J. Walter Thompson’s Innovation Group think tank unveiled its fourth annual Future 100 report. The report covers future trends and innovation opportunities in a variety of sectors, including health and lifestyle. Highlighted in the report is virtual therapies (including virtual reality, or VR) and the prediction that VR will become a more mainstream consumer trend through the use of homebased VR headsets.
Do you suffer with PTSD? Is this possibly the therapy you’ve been looking for to finally treat this life-altering condition? The following is a review and update of VR as a treatment for PTSD.
Though the use of VR first emerged in the late 1980s, it pretty much disappeared because of its costs. The very first study on Virtual Reality Exposure Therapy (VRET) for PTSD, published in 1999, examined its effectiveness in treating a Viet Nam war veteran and noted that the patient experienced a 34 percent reduction in symptoms (clinician observed) and a 45 percent reduction (based on the patient’s self-assessment).
More recently, VRET was featured in a PLOS One journal in 2012. The study reviewed 10 articles that looked at the efficacy of VRET in the treatment of PTSD. Out of the 10 studies, seven showed that VRET produced statistically significant results in comparison to a control group.
The 2012 study did also find that VRET was comparable to traditional exposure therapy. The study also suggested that at that time, it was not clear just how many sessions of VRET are optimal for the treatment of PTSD. It did confirm that “VRET is as efficacious as traditional exposure therapy and can be especially useful in the treatment of PTSD patients who are resistant to traditional exposure therapy.”
A 2013 Scientific American article further examined VR therapy for the treatment of PTSD. PTSD typically occurs when someone has survived a traumatic and horrific experience like war, sexual assault, or childhood abuse.
The person suffering with PTSD often experiences symptoms including horrible nightmares, flashbacks, or significant mood swings, and when faced with certain events or moments that evoke the past horrific experiences, the sufferer perceives threat and can often act out.
Medication and talk therapy are often used to treat the individual. VR allows the person to confront reminders of the trauma “safely” and deal with those exposures so the PTSD is literally deactivated over time. VR options include the use of a headset in a clinical setting with the therapist helping the patient to navigate and to cope with the virtual scenario.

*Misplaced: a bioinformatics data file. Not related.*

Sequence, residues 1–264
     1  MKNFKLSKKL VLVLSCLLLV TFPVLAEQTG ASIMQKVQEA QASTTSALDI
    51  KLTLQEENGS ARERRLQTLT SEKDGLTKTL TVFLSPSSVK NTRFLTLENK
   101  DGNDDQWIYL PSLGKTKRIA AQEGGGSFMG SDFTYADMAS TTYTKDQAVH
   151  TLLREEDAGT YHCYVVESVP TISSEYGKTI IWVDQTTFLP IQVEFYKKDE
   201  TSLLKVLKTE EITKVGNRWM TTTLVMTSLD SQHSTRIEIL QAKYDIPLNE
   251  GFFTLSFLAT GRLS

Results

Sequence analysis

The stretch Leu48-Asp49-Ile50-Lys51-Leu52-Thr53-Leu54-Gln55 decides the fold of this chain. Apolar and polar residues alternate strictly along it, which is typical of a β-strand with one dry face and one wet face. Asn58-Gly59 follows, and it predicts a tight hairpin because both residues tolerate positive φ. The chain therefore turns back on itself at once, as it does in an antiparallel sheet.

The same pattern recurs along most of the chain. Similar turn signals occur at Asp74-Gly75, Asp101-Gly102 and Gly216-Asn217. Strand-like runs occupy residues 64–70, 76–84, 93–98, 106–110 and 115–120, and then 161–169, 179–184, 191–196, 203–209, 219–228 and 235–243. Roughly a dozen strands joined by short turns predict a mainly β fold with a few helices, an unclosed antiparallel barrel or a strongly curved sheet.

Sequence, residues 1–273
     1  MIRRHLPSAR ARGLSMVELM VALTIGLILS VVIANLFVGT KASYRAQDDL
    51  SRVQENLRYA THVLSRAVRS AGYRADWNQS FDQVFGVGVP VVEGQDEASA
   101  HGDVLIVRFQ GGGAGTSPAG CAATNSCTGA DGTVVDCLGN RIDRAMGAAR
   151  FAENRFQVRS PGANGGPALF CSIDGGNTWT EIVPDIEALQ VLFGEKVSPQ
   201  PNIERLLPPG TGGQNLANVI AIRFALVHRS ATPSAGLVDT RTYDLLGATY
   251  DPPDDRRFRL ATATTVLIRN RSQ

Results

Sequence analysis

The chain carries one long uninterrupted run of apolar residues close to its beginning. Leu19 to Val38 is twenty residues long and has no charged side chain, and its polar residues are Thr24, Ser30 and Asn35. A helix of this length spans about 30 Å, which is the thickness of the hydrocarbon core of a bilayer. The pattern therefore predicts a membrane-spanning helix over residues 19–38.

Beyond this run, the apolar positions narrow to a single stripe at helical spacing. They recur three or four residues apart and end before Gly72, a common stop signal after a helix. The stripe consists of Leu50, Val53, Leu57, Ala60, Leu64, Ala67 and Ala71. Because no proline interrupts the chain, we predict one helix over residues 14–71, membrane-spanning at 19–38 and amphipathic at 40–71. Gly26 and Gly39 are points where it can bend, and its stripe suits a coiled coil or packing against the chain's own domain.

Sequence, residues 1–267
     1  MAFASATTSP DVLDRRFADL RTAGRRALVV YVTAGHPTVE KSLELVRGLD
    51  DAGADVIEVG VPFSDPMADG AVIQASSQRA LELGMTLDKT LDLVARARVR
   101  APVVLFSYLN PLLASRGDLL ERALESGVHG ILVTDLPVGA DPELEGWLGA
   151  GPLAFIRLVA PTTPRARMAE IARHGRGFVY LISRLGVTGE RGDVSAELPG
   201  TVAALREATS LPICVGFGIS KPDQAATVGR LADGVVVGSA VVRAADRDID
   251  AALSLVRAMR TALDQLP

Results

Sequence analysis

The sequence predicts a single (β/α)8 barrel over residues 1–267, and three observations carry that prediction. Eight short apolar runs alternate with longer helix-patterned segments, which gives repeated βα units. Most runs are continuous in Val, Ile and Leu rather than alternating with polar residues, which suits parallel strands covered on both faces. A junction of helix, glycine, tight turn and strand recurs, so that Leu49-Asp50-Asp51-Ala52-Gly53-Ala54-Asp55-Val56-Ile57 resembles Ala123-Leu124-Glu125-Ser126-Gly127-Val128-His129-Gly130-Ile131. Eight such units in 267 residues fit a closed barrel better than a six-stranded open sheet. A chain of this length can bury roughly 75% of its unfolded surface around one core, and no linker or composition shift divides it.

Ultimately the goal is to desensitize the person to the virtual exposures which will help to decrease PTSD symptoms and especially, triggers. In one study, functional MRI studies showed that VR restored user’s brain activity to more normal patterns.
A 2015 study published in the journal Neuropsychiatry Disease and Treatment looked at the adequacy of treatment protocols using Virtual Reality Exposure-Based therapy (VREBT) for the treatment of PTSD and the acceptability of its use in the health sector. Similar to the PLOS One 2012 study noted above, it found the therapy effective but there was still no clear established protocol to outline how many sessions are optimal in the treatment of PTSD.
The researchers point to the fact that prolonged imaginal exposure, in addition to psycho-education and controlled breathing exercises is effective for many individuals struggling with PTSD.
Roadblocks to success with this therapeutic approach are (a) difficulty imagining traumatic events and (b) having issues confronting feared and avoided memories. The treatment also appears to be underutilized in clinical practice.
This study acknowledged the potential of VR to treat a number of mental disorders because it allows the simulation of real-life situations and can create the illusion that users are engaged with real objects. VR allows people to feel safe (it’s an illusion but can feel real) while they effect change. It can modify behaviors, thoughts and emotions through the virtual experiences.
Another plus is the fact that the therapist has a significant amount of control. Given the Future 100 report, the technology is likely to become more popular and mainstream, but the challenge is to increase the number of clinicians who receive training to administer VR therapy. Guidelines for use including frequency and optimal number of sessions to create a standardized approach still need to be determined.
A 2017 NBC news report revealed how virtual reality is helping to heal soldiers with PTSD. Many soldiers opt to forgo a formal diagnosis because “seeing a shrink can ruin a (Marine) career,” and instead end up taking medications that often don’t help a whole lot. Those who do seek help from a psychiatrist often get diagnosed with PTSD and then get effective treatment in the form of VR. According to the report, currently 50 clinicians around the U.S. are trained to administer VR therapy.
According to a RAND report 18.5 percent of veterans returning from Afghanistan and Iraq have PTSD. Roughly half of those individuals will seek treatment, but only slightly more than half get adequate treatment. Improving access to quality care is crucial, and VR therapy can be cost-effective and help recovery rates.
If you or someone you know is struggling with PTSD, and are seeking a clinician who specializes in VR and/or exposure therapy, a good starting point is to contact a large medical system like the University of Southern California which offers VR to treat PTSD. If not geographically close to where you live, they can likely refer you to an institution or clinician closer to your home who treats PTSD.